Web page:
— Successfully established TLS connection to dmtp.lud.org:26.

So far so good; but after passing the signature validation of the RRSIG field, the tool blocked right after establishing a valid TLS connection to the DMTP Magma server. Again, reading the sources I discovered where the new issue resided:

if (!(banner = _sgnt_resolv_read_dmtp_line(session, NULL, &bcode, 0))) {
        RET_ERROR_INT(ERR_UNSPEC, "unable to read DMTP banner");
}
while (nleft && (!(lbreak = strstr((char *)session->_inbuf, "\r\n")))) {
 ....
}

Dime was expecting the server’s banner; inside _sgnt_resolv_read_dmtp_line the freezing happened because the tool was expecting “\r\n” as the end-of-line, but the server was returning only “\n” (this would be clearly demonstrated by looking inside the commands.c file in the srv/servers/dmtp directory later on; keep reading) So the loop never ended, and the whole dime tool blocked. I altered the line like this:

while (nleft && (!(lbreak = strstr((char *)session->_inbuf, "\n")))) {

This time it worked:

– Continuing verification of self-signed DX TLS certificate …
– DX TLS certificate matched DIME record signature.
– DX TLS certificate verification succeeded automatically (TLS cert match + dnssec).
– DX certificate successfully verified.
– Attempting to verify fingerprint (UlVB9t7+GcttbVzhDgdHqyZWFWRZQOfFXW8HQIoZX+Rk6JkuuizQzqmyRriQ1pU667FnhSzODVT9tPugwQjvUg) for signet: magma@lud.org
Error: signet verification failed.

The connection to the DMTP server was fine this time, but the signet could not be verified. That was odd, because I made sure to have that user signet already installed in the database. So I tried the connection to the DMTP server myself using the openssl connect command:

openssl s_client -crlf -connect 192.168.56.100:26
CONNECTED(00000003)


220 lud.org DSMTP Magma

Then, I tried the EHLO command and the VRFY command to no avail:

EHLO HOST=dmtp.lud.org
250 lud.org
VRFY DOMAIN=lud.org FINGERPRINT=”UlVB9t7+GcttbVzhDgdHqyZWFWRZQOfFXW8HQIoZX+Rk6JkuuizQzqmyRriQ1pU667FnhSzODVT9tPugwQjvUg”
250 VRFY COMMAND COMPLETE

I tried some other commands, according to the specs document reference to no avail either. The only ones working were: RST, NOOP, and QUIT. So I went, once again, through the sources and I found simple function placeholders for the DMTP commands:

**
 * @brief       Specify the destination domain for a message in response to an DMTP RCPT command.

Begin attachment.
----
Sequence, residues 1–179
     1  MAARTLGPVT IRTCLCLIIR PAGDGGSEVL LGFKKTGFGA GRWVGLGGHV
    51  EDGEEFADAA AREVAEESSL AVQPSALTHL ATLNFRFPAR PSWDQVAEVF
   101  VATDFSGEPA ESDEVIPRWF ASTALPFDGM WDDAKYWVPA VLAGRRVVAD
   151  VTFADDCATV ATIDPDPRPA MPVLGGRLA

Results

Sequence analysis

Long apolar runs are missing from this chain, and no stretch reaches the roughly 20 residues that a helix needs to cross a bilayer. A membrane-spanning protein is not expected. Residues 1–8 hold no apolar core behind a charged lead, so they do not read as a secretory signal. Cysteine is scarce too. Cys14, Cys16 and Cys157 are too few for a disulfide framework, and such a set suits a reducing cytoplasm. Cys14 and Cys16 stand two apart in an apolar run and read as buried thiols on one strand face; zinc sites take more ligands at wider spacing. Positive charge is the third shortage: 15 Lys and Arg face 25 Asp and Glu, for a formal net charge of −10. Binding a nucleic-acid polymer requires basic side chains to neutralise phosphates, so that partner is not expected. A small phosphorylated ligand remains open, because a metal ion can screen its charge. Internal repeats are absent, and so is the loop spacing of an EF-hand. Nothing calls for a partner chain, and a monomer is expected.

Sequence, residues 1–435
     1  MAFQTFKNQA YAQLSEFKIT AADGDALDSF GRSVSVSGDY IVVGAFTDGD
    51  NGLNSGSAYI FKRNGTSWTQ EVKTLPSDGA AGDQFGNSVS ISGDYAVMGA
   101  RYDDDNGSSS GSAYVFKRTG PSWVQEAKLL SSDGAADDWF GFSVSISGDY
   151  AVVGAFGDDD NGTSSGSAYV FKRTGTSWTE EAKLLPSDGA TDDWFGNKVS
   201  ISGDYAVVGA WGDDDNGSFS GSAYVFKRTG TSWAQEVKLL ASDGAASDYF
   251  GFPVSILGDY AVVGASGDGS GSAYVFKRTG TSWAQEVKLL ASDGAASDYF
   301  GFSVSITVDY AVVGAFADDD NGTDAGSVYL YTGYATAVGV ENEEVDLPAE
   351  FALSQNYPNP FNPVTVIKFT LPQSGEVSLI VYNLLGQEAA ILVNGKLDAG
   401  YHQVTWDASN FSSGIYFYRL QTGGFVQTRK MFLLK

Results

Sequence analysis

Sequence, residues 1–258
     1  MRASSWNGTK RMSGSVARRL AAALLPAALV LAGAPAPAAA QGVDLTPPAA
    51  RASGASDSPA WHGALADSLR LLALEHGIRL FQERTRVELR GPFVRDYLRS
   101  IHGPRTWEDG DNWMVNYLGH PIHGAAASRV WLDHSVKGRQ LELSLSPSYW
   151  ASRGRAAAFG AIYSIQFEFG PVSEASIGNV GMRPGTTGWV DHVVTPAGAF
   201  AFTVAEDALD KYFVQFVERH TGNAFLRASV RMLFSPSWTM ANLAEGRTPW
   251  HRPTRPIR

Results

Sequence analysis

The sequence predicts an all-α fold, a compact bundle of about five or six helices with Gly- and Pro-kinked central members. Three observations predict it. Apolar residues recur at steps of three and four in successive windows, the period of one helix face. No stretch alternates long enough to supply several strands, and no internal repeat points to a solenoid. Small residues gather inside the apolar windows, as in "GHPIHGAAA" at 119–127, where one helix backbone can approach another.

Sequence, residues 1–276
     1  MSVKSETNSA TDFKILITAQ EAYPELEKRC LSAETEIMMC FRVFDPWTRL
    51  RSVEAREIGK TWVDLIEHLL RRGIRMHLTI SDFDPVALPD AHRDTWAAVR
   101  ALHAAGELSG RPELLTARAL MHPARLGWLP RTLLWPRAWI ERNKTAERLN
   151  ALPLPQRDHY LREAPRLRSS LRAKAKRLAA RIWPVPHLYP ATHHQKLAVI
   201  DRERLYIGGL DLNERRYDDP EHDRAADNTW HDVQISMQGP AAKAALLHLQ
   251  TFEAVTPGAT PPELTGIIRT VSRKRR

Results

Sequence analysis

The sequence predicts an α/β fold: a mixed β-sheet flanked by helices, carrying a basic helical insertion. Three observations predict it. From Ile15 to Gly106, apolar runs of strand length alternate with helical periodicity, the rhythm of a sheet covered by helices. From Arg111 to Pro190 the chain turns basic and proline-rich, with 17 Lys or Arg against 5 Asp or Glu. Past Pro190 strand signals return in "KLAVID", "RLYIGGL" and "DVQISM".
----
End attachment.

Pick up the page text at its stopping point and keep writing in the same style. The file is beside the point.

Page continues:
* @param       con             the DMTP client connection issuing the command.
 * @return      This function returns no value.
 */
void dmtp_rcpt(connection_t *con) {
        con_write_bl(con, "250 RCPT COMMAND COMPLETE\n", 26);
        return;
}
 
**
 * @brief       Specify the origin domain for a message in response to an DMTP MAIL command.
 * @param       con             the DMTP client connection issuing the command.
 * @return      This function returns no value.
 */
void dmtp_mail(connection_t *con) {
        // Spit back the all clear.
        con_write_bl(con, "250 MAIL COMMAND COMPLETE\n", 26);
        return;
}
 
/**
 * @brief       Process an DMTP MAIL command.
 * @param       con             the DMTP client connection issuing the command.
 * @return      This function returns no value.
 */
void dmtp_data(connection_t *con) {
        con_write_bl(con, "451 DATA FAILED - INTERNAL SERVER ERROR - PLEASE TRY AGAIN LATER\n", 65);
        dmtp_requeue(con);
        return;
}

So, basically, the DMTP server is not functional at all yet. This surprised me a lot, because there’s a talk at Defcon in 2014 where Ladar shown his MAGMA server capabilities (there’s even a video showing the direct communication and sending of DMTP commands via Telnet). If you are as mystified as I am, go watch it: https://www.youtube.com/watch?v=TWzvXaxR6us (minute 40:00).

So maybe they have been tuning things a bit, or they have decided to start afresh, or whatever. I opened a new issue on @github but they have deleted it. So, well, as far as I’m concerned, DIME and MAGMA are far from being something to test and deploy. Hopefully, this great idea would come to fruition, eventually. In the meantime, I suggest to keep an eye on this project.

It’s so dark, that it is not even implemented (yet) Part II

The DIME management record